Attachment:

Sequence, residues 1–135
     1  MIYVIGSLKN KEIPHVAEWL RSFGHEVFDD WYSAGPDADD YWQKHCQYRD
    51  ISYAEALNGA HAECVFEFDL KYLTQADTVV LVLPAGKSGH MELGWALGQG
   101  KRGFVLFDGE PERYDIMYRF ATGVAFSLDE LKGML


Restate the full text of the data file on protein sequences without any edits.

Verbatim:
Sequence, residues 1–135
     1  MIYVIGSLKN KEIPHVAEWL RSFGHEVFDD WYSAGPDADD YWQKHCQYRD
    51  ISYAEALNGA HAECVFEFDL KYLTQADTVV LVLPAGKSGH MELGWALGQG
   101  KRGFVLFDGE PERYDIMYRF ATGVAFSLDE LKGML